by Lauren Ansell
The link below, Why those sleepless nights could increase your Alzheimer’s risk, documents the critical effects of sleep deprivation in September of 2018 by the Genetic Literacy Project. The Genetic Literacy Project “is to aid the public, media and policymakers in understanding the science and societal implications of human and agricultural genetic and biotechnology research and to promote science literacy.”
According to an email from Dr. Matchock, a lack of sleep can lead to “hypertension, a weakened immune system, high levels of the stress hormone cortisol, cancer, and finally an increased risk of accidents and a drop in reaction time and performance.” Robert Matchock is one of Penn State Altoona’s Associate Professor of Psychology. He has a doctorate from Penn State and found this article to be “a small sample size of only 20 human participants, but the results are intriguing.”
Sleeping causes conflicts in our lives through simple ways, like concentration while driving. Dr. Matchock said that “driving while sleep deprived is just as dangerous as driving while intoxicated!” Driving intoxicated is knowingly dangerous, therefore there are laws put into place to prevent drunk driving as much as possible.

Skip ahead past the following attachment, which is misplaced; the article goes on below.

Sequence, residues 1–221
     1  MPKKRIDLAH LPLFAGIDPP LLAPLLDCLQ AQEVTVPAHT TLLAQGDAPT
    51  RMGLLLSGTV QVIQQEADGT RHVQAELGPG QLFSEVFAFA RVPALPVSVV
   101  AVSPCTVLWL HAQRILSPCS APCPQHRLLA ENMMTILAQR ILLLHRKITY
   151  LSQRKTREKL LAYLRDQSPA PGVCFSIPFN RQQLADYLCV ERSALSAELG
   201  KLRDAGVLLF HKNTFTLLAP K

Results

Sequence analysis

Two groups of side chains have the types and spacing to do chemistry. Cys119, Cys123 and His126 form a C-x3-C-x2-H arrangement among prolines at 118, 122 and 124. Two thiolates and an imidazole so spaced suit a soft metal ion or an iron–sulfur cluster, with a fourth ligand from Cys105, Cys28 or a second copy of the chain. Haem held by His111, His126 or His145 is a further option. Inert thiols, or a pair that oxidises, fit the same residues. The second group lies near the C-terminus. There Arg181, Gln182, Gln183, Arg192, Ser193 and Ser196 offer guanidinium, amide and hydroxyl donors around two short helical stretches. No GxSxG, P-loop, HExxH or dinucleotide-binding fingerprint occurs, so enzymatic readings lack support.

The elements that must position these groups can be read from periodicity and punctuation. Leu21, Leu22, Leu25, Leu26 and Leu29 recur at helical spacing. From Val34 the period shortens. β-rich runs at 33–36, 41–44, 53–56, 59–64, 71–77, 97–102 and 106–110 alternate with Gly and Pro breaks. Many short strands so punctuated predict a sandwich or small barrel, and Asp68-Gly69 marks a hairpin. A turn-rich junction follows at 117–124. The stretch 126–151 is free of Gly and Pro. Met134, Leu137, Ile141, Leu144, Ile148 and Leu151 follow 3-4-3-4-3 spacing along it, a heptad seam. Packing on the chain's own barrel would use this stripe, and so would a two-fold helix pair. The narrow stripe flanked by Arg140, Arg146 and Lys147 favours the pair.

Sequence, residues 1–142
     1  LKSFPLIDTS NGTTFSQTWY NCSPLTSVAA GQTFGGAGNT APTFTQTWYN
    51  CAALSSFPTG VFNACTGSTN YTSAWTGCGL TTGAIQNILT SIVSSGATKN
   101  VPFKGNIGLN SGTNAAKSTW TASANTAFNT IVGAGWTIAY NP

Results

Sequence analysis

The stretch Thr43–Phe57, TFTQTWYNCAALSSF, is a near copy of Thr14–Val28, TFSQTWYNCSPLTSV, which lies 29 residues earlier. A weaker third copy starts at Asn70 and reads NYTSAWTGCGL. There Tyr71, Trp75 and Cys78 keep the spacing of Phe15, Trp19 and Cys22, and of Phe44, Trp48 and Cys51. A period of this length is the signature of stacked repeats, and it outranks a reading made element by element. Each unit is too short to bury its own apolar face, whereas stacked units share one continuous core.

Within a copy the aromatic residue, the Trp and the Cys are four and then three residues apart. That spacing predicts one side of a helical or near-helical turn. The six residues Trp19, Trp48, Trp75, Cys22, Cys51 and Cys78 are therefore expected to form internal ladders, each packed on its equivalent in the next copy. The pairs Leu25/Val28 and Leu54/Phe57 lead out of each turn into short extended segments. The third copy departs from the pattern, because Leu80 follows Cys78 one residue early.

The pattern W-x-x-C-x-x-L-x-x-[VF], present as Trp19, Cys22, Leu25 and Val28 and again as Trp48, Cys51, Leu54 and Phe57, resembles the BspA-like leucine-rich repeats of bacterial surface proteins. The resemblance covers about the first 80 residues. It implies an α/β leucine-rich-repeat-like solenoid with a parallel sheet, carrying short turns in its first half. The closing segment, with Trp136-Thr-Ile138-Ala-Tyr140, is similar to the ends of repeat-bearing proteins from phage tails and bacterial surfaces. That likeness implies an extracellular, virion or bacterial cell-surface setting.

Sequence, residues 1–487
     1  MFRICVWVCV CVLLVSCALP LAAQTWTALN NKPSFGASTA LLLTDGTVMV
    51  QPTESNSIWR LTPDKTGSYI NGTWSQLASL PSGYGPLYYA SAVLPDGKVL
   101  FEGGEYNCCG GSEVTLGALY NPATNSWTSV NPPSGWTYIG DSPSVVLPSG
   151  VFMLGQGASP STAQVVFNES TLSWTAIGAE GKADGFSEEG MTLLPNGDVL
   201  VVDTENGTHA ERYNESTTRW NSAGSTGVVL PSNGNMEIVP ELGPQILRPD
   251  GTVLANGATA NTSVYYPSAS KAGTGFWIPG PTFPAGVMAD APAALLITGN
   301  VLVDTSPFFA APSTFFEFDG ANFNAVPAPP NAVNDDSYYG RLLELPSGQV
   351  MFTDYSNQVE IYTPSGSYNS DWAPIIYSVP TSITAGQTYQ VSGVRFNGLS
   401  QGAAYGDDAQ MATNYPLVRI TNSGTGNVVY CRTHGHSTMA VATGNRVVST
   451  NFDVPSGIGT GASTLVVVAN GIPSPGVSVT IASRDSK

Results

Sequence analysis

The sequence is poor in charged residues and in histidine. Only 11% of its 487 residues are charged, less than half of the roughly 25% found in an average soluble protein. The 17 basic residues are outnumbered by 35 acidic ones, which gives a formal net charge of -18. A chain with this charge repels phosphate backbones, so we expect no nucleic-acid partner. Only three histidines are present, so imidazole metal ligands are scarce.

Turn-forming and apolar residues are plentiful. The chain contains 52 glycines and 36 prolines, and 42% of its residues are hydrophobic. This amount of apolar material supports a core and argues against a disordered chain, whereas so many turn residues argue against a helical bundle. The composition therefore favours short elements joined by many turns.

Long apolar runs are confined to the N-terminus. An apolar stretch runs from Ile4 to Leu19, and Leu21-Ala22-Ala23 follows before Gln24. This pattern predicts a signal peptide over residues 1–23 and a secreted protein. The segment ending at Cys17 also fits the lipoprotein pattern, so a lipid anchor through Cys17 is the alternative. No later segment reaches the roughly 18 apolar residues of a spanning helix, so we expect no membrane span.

Within the article, scientists collected beta amyloid levels for two nights: one night without sleep and another night where the subjects had a full night’s rest. Beta amyloid is a protein that is found in many Alzheimer’s brains, and seems to be a cause of this disease. After reading this article, Dr. Matchock said that a “lack of sleep has been associated with a variety of negative health issues, including hypertension, a weakened immune system, high levels of the stress hormone cortisol, cancer, and finally an increased risk of accidents and a drop in reaction time and performance.”
Sleepy people have a harder time driving, concentrating while learning, and maintaining their health. Like Dr. Matchock said, sleep deprivation can harm many aspects of a person’s health and “various types of learning and memory are impaired by even partial sleep deprivation.” Dr. Matchock said that “poor performance on college exams has also been linked to sleep deprivation.” The article and Penn State Altoona’s, Dr. Matchock, both support the theory that sleep deprivation can lead to more harm.